In Herself, we have the potential for an inspirational story of female empowerment with the potential for a surprisingly good dramedy. Somehow, there's a lot of potential in Herself but that potential, already teetering, fell apart just at the end.
Sandra (cowriter Clare Dunne) finally escapes her abusive husband Gary (Ian Lloyd Anderson) with their two daughters. Despite having two jobs she cannot afford a home of her own home or even a decent apartment in high-cost Dublin. In a mix of inspired and desperate move, Sandra comes up with the idea to build herself a small home.
With the help of various people her dreams of a tiny house figuratively and literally rise. There's Peggy (Harriet Walter), one of her employers who lends her the land and money. Next comes surly Aido (Conleth Hill), a construction supervisor who knows Gary and what a beast he is. Along with the mother of her daughters' friend and the squatter friends of another coworker, Sandra soon starts building.
However, a series of unfortunate events lead Sandra to face off against Gary in court for custody, which itself leads to a fiery conclusion.
Herself trips itself up in various ways. It seems it wants to simultaneously be quite serious and inspirational. These are not mutually exclusive, but somehow the elements between slight whimsy and tense drama don't gel as well as they could.
For example, all the people helping Sandra are given the most cursory attributes (one has Down Syndrome, one appears jolly, one is Cameroonian) but the film asks us to accept that they have bonded over the shared project when they don't seem to have much connection even when working together, let alone outside.
It just seems all too convenient, too easy to round up this group, almost as if they came straight from Central Casting to resolve many of her issues.
It also cannot resist adding touches of drama that can be seen from miles away. What, for example, were the odds that her older daughter Emma (Ruby Rose O'Hara) would get into a scrape that would later be used against Sandra? The final surprise, however, is perhaps the worst, as if Dunne, her cowriter Malcolm Campbell and director Phyllida Lloyd could not or would not give Sandra a happy ending. It just seems almost cruel.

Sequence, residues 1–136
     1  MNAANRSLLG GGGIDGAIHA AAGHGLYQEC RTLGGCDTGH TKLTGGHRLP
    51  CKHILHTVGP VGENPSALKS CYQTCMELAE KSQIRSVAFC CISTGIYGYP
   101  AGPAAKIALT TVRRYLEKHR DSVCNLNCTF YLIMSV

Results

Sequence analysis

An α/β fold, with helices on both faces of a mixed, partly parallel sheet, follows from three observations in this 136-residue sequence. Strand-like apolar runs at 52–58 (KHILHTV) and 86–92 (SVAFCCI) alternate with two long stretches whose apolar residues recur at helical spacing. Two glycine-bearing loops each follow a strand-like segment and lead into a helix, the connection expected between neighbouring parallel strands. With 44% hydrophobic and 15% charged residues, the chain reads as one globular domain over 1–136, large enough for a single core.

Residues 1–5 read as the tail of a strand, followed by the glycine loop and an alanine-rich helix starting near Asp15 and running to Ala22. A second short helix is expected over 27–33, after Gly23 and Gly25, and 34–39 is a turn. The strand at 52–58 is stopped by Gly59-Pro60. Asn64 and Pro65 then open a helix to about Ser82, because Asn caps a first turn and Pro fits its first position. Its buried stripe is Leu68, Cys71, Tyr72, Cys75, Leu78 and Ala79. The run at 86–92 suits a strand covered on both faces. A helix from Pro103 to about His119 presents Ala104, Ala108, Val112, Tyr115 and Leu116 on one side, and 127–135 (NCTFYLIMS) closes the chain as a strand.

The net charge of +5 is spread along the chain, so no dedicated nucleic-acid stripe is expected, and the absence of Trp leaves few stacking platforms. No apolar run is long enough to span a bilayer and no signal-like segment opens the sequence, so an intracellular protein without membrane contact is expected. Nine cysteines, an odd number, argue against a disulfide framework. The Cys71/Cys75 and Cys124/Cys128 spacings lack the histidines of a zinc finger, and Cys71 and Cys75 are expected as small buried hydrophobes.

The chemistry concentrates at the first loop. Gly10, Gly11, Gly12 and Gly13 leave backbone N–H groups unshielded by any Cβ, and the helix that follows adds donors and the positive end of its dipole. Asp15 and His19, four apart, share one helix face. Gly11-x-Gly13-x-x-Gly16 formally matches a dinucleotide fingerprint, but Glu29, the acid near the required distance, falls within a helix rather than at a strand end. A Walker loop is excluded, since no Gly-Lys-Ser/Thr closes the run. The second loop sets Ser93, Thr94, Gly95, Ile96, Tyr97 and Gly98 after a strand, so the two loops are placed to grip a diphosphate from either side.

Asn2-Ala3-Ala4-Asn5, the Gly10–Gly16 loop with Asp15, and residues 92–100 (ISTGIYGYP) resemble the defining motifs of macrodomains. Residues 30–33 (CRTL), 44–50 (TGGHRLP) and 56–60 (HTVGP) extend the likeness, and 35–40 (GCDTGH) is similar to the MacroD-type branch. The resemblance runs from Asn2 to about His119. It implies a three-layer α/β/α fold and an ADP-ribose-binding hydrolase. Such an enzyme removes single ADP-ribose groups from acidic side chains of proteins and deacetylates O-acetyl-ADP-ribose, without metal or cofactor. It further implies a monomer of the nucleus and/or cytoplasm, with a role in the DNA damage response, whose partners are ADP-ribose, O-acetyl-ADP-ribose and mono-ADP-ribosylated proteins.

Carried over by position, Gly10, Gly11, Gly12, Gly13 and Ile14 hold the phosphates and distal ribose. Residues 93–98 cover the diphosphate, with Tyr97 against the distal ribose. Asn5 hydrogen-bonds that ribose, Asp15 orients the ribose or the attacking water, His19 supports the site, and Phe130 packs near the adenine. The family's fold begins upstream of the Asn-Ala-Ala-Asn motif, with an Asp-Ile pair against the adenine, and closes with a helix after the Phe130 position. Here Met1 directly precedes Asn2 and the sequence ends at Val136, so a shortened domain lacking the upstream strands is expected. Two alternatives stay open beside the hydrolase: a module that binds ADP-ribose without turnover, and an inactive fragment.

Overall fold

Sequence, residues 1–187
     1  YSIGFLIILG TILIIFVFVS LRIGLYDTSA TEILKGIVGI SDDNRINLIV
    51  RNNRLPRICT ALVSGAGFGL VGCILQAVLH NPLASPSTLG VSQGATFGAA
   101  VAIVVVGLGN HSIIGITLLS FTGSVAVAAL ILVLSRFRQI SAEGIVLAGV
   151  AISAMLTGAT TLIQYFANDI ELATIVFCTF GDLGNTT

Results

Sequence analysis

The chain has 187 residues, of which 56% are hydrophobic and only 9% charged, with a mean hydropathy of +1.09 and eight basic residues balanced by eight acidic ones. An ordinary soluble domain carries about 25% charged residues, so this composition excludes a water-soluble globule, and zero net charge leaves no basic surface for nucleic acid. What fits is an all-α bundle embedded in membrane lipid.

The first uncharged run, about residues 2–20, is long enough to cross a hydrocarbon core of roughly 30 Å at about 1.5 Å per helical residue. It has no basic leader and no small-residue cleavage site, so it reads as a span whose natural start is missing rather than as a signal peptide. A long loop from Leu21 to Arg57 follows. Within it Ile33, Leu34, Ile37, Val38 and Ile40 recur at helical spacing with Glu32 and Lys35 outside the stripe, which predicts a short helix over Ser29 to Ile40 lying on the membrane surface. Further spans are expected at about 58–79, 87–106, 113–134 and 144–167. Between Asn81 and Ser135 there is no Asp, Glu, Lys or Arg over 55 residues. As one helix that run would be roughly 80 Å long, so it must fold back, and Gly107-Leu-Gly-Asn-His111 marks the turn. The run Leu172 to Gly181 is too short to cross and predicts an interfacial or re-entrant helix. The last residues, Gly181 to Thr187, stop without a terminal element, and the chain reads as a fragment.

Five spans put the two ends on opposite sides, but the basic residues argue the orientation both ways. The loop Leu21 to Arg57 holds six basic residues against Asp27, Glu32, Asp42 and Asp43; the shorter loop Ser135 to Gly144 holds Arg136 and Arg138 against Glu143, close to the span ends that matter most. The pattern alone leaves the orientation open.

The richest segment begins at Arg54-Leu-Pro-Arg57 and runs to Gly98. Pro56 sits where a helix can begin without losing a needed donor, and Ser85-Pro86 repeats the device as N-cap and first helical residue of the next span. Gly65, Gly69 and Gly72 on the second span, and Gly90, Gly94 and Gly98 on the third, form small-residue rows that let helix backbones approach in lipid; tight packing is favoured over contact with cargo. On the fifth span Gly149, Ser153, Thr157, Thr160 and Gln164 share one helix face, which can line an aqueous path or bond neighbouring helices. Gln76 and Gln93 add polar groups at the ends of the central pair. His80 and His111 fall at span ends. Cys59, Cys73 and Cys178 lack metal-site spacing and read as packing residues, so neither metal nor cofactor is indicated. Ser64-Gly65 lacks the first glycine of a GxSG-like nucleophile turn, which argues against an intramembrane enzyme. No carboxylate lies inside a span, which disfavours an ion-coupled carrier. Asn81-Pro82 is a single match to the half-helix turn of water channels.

Somehow, one thinks that under other hands Herself would be close to either a heartwarming comedy or that empowerment film it wants to be. However, it seems set on being a bit dour while trying to be uplifting too, a strange mix that does not quite work.
What does work is the central performance of Claire Dunne as Sandra. You see an actress who communicates much with a glance, a look of despair or exasperation. Her performance makes Sandra into not just a survivor but a striver. She has quiet moments where the despair comes through (such as when she laughs at her girls crashing into her on skates when she's clearly distraught at her situation), but on the whole Sandra has gumption.
You admire and cheer for her when she somewhat desperately attempts to convince a bank to let her have a loan by pointing out her building her own home would save the Irish State money in the long run. Her best moments though are at the trial, when she first has something of a breakdown and then pulls herself together to question why no one asks about what Gary did to her but instead focus on whether she filled out a form correctly.
You end up liking and caring about Sandra's plight, which is why the end hit such a sour note with me.
The other performances also are strong. Anderson balances Gary's charms and seductive powers with his cruelty. Walter's Peggy O'Toole also balances a cantankerous manner with a sincere friend. In a smaller role, Sarah Kinlen manages touches of lightness as the eager social worker helping Sandra while later making her a serious character.
Herself is a film I would have liked more if not for the ending. I don't require happy endings all the time, but there seems to be something almost sadistic about the final moments. It simply did not sit well with me, and I think more than a few audience members who may think well of Sandra and Herself will find the end less empowering and more frustrating.